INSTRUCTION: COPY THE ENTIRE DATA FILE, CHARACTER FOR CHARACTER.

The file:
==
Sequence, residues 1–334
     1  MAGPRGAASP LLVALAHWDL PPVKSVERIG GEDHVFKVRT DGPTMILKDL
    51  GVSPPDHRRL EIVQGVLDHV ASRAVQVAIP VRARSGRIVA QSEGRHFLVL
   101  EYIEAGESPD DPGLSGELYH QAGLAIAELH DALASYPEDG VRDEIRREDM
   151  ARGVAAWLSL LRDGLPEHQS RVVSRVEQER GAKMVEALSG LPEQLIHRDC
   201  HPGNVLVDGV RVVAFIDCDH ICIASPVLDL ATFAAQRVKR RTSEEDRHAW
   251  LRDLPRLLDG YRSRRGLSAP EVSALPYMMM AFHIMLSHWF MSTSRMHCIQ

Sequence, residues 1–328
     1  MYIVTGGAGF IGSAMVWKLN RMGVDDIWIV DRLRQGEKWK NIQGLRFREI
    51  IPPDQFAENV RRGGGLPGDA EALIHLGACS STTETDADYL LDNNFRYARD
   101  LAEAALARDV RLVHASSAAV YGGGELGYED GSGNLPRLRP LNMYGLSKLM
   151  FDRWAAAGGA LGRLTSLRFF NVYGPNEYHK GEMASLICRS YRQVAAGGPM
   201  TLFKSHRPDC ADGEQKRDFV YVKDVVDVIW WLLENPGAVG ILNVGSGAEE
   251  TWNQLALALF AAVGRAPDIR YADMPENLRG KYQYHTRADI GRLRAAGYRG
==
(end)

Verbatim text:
Sequence, residues 1–334
     1  MAGPRGAASP LLVALAHWDL PPVKSVERIG GEDHVFKVRT DGPTMILKDL
    51  GVSPPDHRRL EIVQGVLDHV ASRAVQVAIP VRARSGRIVA QSEGRHFLVL
   101  EYIEAGESPD DPGLSGELYH QAGLAIAELH DALASYPEDG VRDEIRREDM
   151  ARGVAAWLSL LRDGLPEHQS RVVSRVEQER GAKMVEALSG LPEQLIHRDC
   201  HPGNVLVDGV RVVAFIDCDH ICIASPVLDL ATFAAQRVKR RTSEEDRHAW
   251  LRDLPRLLDG YRSRRGLSAP EVSALPYMMM AFHIMLSHWF MSTSRMHCIQ

Sequence, residues 1–328
     1  MYIVTGGAGF IGSAMVWKLN RMGVDDIWIV DRLRQGEKWK NIQGLRFREI
    51  IPPDQFAENV RRGGGLPGDA EALIHLGACS STTETDADYL LDNNFRYARD
   101  LAEAALARDV RLVHASSAAV YGGGELGYED GSGNLPRLRP LNMYGLSKLM
   151  FDRWAAAGGA LGRLTSLRFF NVYGPNEYHK GEMASLICRS YRQVAAGGPM
   201  TLFKSHRPDC ADGEQKRDFV YVKDVVDVIW WLLENPGAVG ILNVGSGAEE
   251  TWNQLALALF AAVGRAPDIR YADMPENLRG KYQYHTRADI GRLRAAGYRG